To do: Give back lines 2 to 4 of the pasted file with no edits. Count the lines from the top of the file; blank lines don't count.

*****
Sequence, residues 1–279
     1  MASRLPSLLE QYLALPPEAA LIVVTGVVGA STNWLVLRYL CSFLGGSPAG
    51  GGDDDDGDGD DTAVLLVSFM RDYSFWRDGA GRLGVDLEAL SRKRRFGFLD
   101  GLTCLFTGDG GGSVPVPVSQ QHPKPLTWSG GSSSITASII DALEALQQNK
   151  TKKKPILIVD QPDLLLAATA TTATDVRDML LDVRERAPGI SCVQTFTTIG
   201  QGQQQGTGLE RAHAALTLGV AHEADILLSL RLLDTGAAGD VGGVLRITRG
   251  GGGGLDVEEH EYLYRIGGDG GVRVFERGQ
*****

     1  MASRLPSLLE QYLALPPEAA LIVVTGVVGA STNWLVLRYL CSFLGGSPAG
    51  GGDDDDGDGD DTAVLLVSFM RDYSFWRDGA GRLGVDLEAL SRKRRFGFLD
   101  GLTCLFTGDG GGSVPVPVSQ QHPKPLTWSG GSSSITASII DALEALQQNK